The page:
Kendra Martinussen, a 17-year-old Grade 12 student at R.D. Parker Collegiate, has been selected to perform in the prestigious National Youth Band of Canada for the second year in a row.
This year’s event runs from April 26 to May 3 in Halifax. The musicians, aged 16 to 22, are from across Canada. The National Youth Band program has been running since 1978, and provides students with an opportunity to network, perform with other high-level musicians, and receive mentorship.
Martinussen, whose favourite type of music is jazz, has dedicated six years of hard work to the bass clarinet.
“It’s been the love of my life,” she said. “Then I started playing saxophone and jazz, which are the other loves of my life.”
Speaking of her first-year audition and application, Martinussen said that she had little idea about who she was competing against.
“You never know if you don’t try,” she explained. “My best friend Abbey and I were up against people in university. We were so proud of ourselves, and so amazed that we got in.”
RDPC band teacher Stevie MacPherson, who played in the National Youth Band of Canada before becoming an educator, is overjoyed with Martinussen’s ongoing success.
“If you’re up against students who are in university across the whole country, this is a big thing to shoot for,” she explained. “We’re totally overwhelmed in the band department.”
Speaking to Martinussen, MacPherson said, “Your perseverance over the last two years to make it into this ensemble has blown us away.”
Martinussen is eager to begin her week-long adventure in Halifax.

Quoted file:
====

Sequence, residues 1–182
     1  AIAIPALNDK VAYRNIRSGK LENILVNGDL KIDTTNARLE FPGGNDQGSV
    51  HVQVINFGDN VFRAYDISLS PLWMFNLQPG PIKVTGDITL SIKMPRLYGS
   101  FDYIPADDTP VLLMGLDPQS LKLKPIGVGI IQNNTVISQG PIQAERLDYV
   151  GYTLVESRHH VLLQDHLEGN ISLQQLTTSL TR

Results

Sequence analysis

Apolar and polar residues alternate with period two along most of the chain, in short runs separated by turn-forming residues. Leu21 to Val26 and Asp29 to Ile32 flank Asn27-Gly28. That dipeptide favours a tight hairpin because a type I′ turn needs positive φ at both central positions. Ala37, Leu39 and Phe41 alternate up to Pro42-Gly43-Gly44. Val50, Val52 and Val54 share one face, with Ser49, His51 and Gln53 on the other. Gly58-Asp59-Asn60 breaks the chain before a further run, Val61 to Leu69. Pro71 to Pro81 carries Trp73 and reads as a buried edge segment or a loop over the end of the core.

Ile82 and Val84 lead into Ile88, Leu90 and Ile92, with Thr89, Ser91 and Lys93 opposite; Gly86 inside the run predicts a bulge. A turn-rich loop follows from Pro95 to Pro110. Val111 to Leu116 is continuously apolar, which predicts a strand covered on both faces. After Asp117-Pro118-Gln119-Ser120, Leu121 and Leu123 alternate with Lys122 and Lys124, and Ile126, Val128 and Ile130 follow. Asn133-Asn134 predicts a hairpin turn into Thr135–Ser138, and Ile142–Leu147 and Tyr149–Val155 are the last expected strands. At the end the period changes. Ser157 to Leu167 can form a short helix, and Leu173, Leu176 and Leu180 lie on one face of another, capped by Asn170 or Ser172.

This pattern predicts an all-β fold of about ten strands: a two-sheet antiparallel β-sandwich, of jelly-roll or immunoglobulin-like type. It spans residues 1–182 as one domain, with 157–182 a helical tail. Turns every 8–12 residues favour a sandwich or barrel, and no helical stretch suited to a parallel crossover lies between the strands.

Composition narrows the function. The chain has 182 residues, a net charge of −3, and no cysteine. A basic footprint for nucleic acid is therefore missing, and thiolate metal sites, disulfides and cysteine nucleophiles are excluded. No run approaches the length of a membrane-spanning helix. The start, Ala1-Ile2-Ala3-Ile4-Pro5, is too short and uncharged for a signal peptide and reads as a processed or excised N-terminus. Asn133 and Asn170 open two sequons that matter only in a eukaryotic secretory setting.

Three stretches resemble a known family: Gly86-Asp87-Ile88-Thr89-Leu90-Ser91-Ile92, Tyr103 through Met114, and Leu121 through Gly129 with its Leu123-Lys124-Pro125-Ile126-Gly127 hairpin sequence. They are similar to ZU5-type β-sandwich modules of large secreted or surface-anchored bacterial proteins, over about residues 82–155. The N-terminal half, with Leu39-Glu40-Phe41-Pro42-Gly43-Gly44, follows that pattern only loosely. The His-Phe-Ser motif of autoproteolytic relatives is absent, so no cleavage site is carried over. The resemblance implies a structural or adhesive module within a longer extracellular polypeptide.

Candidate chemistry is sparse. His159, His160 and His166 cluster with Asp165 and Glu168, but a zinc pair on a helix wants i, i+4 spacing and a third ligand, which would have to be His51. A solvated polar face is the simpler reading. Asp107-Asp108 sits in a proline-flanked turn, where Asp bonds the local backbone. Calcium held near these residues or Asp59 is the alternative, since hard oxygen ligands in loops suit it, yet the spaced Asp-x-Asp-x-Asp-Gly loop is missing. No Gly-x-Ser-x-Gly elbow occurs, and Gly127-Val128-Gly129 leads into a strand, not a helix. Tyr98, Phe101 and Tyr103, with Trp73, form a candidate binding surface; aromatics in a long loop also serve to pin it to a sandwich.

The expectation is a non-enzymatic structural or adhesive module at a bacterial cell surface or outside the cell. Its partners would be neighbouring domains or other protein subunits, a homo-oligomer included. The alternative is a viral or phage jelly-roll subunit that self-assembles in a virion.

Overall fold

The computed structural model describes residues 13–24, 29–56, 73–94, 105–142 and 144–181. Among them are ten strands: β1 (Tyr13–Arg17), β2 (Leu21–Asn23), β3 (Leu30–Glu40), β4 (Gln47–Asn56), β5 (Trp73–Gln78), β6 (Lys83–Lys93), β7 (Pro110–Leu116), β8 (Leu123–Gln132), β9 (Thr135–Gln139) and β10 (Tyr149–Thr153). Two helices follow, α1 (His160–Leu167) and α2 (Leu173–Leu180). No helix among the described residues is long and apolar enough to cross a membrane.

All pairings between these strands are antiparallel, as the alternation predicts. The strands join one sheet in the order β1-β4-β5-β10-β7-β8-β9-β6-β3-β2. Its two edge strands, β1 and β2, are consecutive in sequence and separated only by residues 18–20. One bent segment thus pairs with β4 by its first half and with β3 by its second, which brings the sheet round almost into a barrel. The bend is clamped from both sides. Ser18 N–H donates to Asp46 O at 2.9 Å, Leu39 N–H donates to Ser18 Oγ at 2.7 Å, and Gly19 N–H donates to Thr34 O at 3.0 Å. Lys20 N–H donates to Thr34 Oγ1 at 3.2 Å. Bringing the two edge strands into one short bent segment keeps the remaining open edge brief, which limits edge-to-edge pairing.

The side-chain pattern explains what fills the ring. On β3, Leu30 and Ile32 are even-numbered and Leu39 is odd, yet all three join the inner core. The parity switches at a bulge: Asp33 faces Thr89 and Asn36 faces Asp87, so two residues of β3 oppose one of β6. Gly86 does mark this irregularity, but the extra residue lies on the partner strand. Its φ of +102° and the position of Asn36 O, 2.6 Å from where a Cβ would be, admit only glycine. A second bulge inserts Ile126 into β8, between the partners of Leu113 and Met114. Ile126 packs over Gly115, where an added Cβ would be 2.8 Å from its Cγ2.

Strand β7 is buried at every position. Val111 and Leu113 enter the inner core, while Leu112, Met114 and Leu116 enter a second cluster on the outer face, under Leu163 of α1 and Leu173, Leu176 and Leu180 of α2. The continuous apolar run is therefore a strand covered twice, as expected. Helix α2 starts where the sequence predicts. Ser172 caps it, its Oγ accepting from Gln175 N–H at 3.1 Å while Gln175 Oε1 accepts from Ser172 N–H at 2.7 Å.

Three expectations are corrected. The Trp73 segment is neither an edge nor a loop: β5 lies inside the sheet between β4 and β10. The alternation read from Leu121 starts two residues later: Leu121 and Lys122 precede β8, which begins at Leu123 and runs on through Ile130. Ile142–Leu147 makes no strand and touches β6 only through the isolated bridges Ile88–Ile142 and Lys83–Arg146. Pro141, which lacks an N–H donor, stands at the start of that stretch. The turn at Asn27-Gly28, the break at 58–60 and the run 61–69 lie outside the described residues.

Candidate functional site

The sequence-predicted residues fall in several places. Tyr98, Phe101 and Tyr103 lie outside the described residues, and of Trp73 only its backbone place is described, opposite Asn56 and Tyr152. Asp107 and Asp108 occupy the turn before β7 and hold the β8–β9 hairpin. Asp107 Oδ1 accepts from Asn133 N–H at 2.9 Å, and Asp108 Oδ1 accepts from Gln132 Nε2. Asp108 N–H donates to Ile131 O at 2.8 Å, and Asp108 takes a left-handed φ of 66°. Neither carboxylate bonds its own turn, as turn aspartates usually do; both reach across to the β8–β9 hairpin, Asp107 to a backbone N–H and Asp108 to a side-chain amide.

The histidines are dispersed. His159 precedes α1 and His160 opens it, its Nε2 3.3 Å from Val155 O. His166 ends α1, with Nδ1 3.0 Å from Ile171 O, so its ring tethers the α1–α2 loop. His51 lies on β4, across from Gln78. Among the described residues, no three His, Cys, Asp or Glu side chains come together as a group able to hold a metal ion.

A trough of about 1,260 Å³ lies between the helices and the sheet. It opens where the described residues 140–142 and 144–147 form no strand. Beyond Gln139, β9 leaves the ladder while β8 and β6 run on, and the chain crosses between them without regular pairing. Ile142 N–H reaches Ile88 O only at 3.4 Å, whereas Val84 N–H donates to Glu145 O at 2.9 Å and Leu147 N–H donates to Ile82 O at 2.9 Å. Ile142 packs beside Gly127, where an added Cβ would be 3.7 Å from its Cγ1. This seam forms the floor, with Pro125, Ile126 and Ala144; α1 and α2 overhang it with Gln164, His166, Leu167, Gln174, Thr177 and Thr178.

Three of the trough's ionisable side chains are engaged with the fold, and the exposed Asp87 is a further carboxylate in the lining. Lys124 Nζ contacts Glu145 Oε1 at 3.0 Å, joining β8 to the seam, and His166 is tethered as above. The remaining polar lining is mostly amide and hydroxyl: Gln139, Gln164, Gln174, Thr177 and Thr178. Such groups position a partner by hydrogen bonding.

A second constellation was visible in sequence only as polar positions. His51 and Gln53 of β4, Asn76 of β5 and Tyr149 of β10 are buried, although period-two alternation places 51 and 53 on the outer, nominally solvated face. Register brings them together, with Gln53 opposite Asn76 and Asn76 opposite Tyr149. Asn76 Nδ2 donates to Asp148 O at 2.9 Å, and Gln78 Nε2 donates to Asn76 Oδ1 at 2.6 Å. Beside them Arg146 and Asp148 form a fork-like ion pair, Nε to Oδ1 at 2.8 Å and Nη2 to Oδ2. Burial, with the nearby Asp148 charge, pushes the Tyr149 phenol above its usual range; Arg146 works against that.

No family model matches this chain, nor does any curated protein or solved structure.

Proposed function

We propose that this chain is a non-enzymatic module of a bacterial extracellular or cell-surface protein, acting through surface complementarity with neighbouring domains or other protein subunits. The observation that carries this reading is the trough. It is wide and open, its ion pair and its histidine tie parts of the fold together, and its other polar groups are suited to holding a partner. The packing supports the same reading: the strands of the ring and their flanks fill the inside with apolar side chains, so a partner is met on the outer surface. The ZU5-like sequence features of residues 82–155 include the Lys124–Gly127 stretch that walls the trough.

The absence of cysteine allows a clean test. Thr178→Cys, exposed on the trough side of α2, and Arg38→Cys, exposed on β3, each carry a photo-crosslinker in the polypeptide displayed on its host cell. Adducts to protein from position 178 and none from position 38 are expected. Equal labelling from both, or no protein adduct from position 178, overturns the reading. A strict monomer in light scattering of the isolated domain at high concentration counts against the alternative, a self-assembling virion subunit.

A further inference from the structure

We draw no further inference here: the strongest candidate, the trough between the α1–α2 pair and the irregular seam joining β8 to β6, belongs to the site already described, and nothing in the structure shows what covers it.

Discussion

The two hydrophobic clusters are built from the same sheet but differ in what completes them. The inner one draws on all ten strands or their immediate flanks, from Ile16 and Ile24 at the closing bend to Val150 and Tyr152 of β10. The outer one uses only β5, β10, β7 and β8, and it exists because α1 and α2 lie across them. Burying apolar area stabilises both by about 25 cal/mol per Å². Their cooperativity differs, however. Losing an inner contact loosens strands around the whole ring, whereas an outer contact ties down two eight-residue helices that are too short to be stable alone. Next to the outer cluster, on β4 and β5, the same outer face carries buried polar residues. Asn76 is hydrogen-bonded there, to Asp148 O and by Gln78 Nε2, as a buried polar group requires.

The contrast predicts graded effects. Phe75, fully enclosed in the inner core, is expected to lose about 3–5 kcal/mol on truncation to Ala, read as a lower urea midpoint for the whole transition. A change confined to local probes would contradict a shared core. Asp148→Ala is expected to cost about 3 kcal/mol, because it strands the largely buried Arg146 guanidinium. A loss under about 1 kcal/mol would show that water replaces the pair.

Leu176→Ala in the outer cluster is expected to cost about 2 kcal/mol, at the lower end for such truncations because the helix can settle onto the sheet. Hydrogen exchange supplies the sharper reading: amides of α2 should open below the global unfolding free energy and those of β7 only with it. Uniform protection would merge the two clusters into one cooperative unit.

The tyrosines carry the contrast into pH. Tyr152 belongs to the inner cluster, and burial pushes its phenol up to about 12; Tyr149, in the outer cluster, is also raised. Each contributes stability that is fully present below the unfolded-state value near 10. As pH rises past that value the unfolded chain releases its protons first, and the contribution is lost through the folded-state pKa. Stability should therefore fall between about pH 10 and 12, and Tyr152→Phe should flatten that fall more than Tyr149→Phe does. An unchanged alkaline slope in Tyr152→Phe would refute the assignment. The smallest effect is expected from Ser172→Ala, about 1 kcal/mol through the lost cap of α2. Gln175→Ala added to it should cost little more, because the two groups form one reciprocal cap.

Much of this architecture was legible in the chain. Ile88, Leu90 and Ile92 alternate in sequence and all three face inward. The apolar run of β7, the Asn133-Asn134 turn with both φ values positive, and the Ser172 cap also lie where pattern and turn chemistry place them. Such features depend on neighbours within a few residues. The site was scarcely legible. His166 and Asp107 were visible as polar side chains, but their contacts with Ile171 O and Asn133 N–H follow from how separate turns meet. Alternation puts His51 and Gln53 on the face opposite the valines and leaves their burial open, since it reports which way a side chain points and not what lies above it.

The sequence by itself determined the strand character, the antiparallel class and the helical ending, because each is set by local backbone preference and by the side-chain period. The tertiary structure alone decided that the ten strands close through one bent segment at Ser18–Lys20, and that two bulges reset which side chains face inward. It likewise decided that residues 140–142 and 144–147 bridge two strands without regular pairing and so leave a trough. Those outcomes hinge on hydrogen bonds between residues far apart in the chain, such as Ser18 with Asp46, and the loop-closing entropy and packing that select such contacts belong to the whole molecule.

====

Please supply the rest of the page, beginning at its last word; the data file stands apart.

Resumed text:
“Last year we didn’t know what we’d be walking into,” she explained. “It’s been a life-changing experience. I felt so accepted there…to be myself.”
Meeting like-minded musicians has been pivotal for Martinussen, who is eager for intellectual expansion and broadened horizons.
“It’s just really amazing,” said the born-and-raised Thompsonite. “People from all over Canada is a super cool thing. You can really get into discussions and debates about things.”
Being one of the youngest members of the ensemble has not fazed the prodigy, who is clearly comfortable in her own skin.
“The other players just scoop you right in,” she said. “They are some of the nicest people I’ve ever met.”
Martinussen explained that family support has been a critical component of her success.
“My family is super proud,” she said with smile. “My parents are very excited to see a different part of Canada. They are planning a whole trip around it.”
Last year, the National Youth Band of Canada played a 20-minute piece called I Lost My Talk, which is derived from a poem by Mi’kmaq poet and residential school survivor Rita Joe.
“I Lost My Talk was originally for an orchestra,” Martinussen explained. “My director, Dr. Mark Hopkins, spent the whole year prior arranging it for wind band. I Lost My Talk is about reconciliation, and our entire repertoire was about being Canadian, which gave us a sense of pride. It’s important that we express that message.”